Sunday, October 01, 2006

The prospect of annihilation.

On this blog, we tend to speak of opposing imperialism rather than war as such, because this is not a pacifist blog. As Malcolm X once remarked, the first principle of nature is self-preservation, and anyone who would deny a person's right to that is behaving unnaturally. Our historically determined capacity for organised killing is not going to be disappear, of course: the best that can be hoped for is that we will curtail and restrain the class agencies that drive such killing, and eventually remove them by abolishing class society and the forms of social organisation that produce war. As it happens, in some cases, such restraints have to be imposed by defensive war and such is the attempt by Hezbollah, the Iraqi resistance, and the Famni Lavalas for instance.

But there remains the problem of war as a form of activity and the dangers that it entails because of its current sources in capitalist society and the way we are mobilised for war in it - because these bring the real possibility of annihilation if not of the human species, then a substantial part of it. It is by now widely recognised and understood that the main reason that the Cold War, predicated on 'mutually assured destruction', did not result in a thermonuclear war was sheer luck. This was not only because in 1962, when it looked like the US would rather risk such a war in recolonising Cuba than allow it to be independent, it rested on the decision by Vasili Arkhipov, a Soviet submarine commander, blocked an order to fire nuclear-armed torpedoes in response to an attack on the submarines by US destroyers. We now have a situation in which advanced capitalist states, now without what could even be presented as a systemic competitor, retain for themselves the right to build and rebuild vast nuclear arsenals. Since the whole point of possessing such arsenals is that one deters through the willingness to use them, these states have in fact taken the calculated decision that they may at any point where they feel their interests are sufficiently threatened, destroy a substantial portion of humanity. The Bush decision to try and build 'mini-nukes' adds another dimension - an attempt, if you like, to embed the possibility of a very limited, attenuated nuclear war in public consciousness as well as to adopt it as possibility in state strategy. This kind of strategy surely brings forward the day on which a nuclear strike is attempted. The official nuclear posture in the United States is to combine conventional with nuclear attacks if possible.

There's something else. Martin Shaw, the marxist sociologist (who is, oddly, sometimes given to bedding with the pro-war left), makes the point that contemporary wars have shown a tendency to degenerate, that is to involve wider and wider layers of people, well beyond official combatants. Although the apparatus of limiting norms and rules are usually invoked and highly praised by war-making states, few wars have in practise protected civilians - quite the contrary, they have involved killing them either by transferring all or most of the military risk to them through aerial bombardment, or by deliberately targeting civilian populations (as was threatened with Operation Salvador and, we must surmise, executed). This is because when you are trying to sieze a country's assets and consolidate one's strategic control in a region, one needs the population to be pliant. If they are not, if they passively or indirectly support oppositional movements, they are slowly made targets themselves. Degenerate war, Shaw suggests, is intrinsically linked to genocide.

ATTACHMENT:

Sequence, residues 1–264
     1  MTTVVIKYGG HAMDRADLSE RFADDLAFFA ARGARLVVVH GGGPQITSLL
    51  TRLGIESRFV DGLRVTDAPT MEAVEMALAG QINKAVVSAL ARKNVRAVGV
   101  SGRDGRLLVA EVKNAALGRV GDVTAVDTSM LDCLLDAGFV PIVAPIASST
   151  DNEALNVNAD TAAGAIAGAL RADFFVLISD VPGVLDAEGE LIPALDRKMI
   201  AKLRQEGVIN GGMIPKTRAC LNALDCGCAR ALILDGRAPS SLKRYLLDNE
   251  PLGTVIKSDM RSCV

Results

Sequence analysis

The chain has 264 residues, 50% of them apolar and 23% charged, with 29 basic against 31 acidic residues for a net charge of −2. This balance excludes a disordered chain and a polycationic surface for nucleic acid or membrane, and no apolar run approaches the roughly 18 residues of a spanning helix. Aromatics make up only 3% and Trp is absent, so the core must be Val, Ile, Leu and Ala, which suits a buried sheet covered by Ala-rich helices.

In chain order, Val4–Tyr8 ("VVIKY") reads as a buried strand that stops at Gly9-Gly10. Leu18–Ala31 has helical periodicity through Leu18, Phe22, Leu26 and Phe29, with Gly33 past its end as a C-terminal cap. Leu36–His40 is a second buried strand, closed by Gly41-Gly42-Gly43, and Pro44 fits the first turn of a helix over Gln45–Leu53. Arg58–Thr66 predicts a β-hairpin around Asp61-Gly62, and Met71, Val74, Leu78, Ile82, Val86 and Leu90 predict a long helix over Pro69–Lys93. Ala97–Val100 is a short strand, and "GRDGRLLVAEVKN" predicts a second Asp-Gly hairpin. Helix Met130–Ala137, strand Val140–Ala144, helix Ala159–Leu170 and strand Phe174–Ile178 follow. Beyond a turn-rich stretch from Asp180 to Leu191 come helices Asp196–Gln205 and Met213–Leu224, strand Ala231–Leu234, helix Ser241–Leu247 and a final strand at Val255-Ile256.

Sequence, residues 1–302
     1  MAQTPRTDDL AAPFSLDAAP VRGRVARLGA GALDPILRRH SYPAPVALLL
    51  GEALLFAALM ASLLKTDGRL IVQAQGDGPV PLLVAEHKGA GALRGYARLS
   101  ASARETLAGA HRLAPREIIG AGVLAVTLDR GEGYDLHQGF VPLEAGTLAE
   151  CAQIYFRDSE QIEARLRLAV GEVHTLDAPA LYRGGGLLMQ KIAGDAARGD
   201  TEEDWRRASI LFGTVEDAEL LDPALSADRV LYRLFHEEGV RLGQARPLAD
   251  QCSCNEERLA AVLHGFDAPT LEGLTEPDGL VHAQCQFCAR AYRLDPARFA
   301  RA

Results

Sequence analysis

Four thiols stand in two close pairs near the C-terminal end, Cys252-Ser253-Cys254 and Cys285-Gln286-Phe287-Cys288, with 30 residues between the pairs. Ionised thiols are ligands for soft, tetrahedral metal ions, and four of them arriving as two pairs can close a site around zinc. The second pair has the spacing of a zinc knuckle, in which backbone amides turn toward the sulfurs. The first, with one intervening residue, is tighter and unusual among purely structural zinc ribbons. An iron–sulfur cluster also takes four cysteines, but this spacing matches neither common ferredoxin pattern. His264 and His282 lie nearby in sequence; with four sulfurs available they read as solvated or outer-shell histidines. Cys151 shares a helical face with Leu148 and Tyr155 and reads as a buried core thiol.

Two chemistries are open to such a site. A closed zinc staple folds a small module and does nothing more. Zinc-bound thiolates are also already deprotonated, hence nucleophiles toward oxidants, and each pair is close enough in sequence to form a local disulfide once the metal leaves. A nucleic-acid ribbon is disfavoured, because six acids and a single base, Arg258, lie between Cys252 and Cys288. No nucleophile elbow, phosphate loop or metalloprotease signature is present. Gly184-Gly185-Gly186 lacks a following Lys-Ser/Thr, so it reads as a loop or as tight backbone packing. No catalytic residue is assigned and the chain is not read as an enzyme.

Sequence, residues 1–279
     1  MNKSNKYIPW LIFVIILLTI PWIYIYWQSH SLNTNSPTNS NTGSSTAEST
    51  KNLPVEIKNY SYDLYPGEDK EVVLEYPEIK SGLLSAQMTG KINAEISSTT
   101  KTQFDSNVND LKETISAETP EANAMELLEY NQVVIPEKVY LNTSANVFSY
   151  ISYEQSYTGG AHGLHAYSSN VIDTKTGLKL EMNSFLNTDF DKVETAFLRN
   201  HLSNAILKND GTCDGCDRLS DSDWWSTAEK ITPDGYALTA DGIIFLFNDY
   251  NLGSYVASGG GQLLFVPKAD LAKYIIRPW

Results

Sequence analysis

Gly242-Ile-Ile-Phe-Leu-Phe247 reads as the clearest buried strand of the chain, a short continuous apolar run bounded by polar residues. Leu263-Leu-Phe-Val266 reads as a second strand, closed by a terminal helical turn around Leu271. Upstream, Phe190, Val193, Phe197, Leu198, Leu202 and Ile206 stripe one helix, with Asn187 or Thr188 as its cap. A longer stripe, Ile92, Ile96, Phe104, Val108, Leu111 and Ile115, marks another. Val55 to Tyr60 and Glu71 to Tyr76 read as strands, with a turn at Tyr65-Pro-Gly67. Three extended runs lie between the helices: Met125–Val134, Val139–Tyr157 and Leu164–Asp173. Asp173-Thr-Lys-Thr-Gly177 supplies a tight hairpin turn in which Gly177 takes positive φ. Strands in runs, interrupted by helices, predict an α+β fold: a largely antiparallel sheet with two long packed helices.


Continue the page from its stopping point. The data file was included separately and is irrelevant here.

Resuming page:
In that aspect, Just War theory's sole use seems to have been to apologise for itself and accomodate various wars that flagrantly violate its stipulations. In fact, its raison d'etre could be the legitimation of imperialist violence itself, who are always found to be blameless or merely misguided, or merely a little bit excessive. There are, I still contend, Just Wars - defensive or liberatory wars by the oppressed and exploited, by those on whom war is already being made by a ruling class, who are offered domestic peace only at the expense of being held hostage, and only on the condition that they avail themselves for exploitation. But the irony is that few if any of these have anything to do with Just War theory. Because the theory itself is a clumsily commonsensical set of abstractions that takes no account of the conditions in which groups or classes decide to fight. It is an unmaterialist theory. And given the serious prospect of planetary demise, we need a better guide to decisions in how to assess wars than this.